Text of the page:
Oct. 18 at 3:25 am Husky staff called to report that a fight had just occurred between two local men in the store. One of the men was located later in the day. The 41 year old man said the other male accused him of trying to steal his girlfriend and there was some pushing and shoving involved. Police determined that the fight was consensual and no charges were laid.

Residential B&E

Oct. 18 at 8 pm police received a report from a 53 year old Cache Creek woman who said her house on Old Cariboo Rd. had been broken into while she was away. She returned home to find out that a safe containing cash and documents, jewelry and a Canon SD 1000 camera were missing – over $10,000 worth of item. Forensic identification services were called in to inspect the area and a person of interest has been identified. Anyone with information about the matter – perhaps hearing of someone with an unusual amount of cash, sudden appearance of jewelry or the camera – is asked to contact the RCMP at 453-2216. The matter is still under investigation.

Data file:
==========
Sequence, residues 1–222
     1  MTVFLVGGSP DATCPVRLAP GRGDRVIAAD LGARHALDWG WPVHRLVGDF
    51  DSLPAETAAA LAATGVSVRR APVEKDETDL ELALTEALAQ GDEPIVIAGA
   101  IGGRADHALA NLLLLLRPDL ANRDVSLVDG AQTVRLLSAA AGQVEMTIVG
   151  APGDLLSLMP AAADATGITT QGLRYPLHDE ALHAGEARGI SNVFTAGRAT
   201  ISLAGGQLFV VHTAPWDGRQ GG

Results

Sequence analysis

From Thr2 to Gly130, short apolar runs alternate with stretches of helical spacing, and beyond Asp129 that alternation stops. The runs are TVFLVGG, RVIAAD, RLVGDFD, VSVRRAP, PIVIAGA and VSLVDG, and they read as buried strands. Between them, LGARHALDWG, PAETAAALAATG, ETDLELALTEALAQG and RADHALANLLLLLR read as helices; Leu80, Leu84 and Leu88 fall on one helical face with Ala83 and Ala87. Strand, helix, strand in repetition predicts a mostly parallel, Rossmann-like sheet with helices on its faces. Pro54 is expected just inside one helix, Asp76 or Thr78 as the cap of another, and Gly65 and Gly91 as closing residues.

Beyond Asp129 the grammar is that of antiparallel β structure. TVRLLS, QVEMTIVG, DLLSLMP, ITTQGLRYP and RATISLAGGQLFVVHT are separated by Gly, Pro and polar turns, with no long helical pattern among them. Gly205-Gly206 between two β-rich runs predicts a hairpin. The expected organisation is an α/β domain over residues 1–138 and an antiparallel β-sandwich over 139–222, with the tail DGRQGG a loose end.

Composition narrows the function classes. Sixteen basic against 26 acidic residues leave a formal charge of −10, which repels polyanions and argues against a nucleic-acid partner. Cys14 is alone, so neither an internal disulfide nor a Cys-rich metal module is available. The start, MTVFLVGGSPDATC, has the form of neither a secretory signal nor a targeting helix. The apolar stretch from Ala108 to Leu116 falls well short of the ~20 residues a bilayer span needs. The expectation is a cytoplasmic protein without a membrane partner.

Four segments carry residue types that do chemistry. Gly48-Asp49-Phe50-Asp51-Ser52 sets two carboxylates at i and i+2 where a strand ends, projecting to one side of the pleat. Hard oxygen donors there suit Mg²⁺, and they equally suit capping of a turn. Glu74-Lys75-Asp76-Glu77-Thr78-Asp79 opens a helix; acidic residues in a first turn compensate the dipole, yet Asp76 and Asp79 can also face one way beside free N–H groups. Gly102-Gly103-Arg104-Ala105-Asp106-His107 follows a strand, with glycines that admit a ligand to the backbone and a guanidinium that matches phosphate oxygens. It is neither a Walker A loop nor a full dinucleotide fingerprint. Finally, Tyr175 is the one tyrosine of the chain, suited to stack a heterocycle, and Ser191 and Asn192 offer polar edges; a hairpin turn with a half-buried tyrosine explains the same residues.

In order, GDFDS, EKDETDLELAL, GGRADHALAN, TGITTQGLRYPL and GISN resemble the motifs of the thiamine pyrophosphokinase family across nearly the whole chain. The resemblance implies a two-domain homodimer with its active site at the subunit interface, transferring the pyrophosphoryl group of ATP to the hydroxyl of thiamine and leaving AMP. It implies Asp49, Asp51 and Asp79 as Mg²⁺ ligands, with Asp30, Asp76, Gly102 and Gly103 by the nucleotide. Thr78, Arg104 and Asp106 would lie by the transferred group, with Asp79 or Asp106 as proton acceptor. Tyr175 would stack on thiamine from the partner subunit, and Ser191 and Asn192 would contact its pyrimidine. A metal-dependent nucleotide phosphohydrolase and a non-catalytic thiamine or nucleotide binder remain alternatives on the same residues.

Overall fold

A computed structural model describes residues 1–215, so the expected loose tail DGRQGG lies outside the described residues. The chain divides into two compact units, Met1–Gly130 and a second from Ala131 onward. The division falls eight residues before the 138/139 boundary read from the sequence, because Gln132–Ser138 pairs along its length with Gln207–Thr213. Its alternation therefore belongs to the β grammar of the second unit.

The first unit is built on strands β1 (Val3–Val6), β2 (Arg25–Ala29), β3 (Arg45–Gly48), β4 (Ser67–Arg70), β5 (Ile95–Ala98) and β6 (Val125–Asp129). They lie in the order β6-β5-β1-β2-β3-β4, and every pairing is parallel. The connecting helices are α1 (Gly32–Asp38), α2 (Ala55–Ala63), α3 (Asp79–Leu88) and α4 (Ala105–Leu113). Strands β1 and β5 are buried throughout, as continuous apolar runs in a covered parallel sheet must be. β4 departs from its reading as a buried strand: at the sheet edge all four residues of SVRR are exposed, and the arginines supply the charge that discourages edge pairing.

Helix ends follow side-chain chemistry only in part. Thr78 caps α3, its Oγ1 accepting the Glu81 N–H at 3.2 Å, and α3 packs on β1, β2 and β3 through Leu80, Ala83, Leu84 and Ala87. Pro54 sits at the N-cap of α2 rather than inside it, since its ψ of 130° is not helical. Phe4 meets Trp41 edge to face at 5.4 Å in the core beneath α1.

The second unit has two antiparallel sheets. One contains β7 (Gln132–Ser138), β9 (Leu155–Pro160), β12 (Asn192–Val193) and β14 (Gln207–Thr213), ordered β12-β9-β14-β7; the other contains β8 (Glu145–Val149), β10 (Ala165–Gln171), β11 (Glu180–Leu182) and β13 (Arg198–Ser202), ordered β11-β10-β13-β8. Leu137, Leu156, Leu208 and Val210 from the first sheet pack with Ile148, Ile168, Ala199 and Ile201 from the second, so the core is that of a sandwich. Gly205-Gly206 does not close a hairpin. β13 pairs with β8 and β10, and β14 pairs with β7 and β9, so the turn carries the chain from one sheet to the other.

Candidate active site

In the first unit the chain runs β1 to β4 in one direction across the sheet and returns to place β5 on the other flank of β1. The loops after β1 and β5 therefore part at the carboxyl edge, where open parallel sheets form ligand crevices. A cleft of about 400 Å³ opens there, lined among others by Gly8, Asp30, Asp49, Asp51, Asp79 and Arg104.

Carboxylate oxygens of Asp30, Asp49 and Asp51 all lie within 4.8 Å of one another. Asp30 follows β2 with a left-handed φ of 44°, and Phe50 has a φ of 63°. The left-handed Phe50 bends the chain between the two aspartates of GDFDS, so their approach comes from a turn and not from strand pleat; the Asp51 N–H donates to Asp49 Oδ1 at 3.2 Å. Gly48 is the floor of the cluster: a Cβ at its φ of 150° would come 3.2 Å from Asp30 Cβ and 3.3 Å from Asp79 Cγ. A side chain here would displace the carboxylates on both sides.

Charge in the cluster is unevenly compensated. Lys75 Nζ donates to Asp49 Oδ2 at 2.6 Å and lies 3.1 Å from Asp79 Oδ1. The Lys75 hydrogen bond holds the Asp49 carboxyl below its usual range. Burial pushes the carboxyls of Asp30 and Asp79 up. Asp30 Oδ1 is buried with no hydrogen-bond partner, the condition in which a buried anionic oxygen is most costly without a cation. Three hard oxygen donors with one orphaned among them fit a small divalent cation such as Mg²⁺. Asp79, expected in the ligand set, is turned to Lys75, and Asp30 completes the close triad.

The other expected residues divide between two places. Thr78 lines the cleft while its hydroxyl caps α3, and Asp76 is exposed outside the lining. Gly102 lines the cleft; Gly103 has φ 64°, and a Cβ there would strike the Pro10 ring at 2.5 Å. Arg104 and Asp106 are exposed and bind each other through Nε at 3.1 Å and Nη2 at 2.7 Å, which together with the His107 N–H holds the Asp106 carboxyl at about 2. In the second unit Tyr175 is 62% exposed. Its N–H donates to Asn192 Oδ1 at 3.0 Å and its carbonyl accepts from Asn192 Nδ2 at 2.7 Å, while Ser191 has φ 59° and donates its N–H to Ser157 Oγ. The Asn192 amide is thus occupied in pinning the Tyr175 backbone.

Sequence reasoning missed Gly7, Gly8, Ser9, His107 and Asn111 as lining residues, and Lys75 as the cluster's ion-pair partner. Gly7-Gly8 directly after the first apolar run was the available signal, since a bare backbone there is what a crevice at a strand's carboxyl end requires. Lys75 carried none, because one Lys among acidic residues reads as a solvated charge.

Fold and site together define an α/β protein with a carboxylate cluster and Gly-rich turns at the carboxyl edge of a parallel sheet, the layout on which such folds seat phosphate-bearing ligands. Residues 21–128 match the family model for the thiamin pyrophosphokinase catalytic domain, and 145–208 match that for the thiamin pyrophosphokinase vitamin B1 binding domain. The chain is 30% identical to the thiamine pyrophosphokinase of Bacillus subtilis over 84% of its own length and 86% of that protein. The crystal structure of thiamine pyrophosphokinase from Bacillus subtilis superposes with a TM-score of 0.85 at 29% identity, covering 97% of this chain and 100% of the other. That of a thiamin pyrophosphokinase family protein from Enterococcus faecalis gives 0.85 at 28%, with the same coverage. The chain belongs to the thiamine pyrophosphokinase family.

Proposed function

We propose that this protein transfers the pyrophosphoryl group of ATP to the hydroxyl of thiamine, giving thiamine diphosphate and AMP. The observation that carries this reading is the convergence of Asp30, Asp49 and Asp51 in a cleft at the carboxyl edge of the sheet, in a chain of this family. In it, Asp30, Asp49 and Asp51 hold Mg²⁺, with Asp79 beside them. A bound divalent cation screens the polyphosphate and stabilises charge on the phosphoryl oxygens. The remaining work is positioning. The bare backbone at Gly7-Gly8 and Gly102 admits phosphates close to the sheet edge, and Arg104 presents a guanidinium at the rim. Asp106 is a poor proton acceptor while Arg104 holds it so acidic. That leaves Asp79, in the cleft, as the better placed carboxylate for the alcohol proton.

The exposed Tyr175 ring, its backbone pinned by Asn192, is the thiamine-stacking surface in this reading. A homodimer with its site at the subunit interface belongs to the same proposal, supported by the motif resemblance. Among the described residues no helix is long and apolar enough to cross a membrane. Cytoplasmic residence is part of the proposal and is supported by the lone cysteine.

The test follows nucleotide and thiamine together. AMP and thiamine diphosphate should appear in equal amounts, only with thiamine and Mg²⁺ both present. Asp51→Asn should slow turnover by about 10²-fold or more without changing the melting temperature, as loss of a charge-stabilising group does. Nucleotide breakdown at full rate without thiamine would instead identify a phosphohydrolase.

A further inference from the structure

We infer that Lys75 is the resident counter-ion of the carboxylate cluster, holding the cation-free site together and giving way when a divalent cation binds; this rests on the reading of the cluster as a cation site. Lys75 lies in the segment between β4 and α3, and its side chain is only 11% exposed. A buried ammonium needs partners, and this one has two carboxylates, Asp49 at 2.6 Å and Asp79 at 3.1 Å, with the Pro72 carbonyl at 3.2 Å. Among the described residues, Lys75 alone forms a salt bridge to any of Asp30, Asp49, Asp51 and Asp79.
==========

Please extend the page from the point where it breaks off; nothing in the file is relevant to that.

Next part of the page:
House party

Oct. 18 at 8:20 pm police received a report from an anonymous caller asking for an ambulance on the Ashcroft Reserve. Police located a 54 year old man laying on the floor inside a residence with a bloody nose. He and several other men in the house were very intoxicated. A 60 year old woman advised police that several men, including the victim, entered the house earlier in the day, drinking and having a good time. It wasn’t clear how the bloody nose occurred. Two men in the house were arrested for causing a disturbance and one was wanted on an outstanding warrant for mischief. The 26 year old Ashcroft man led police on a foot chase before being apprehended. He and a 31 year old Ashcroft man were held overnight in cells and released when sober.

Hunters on the tracks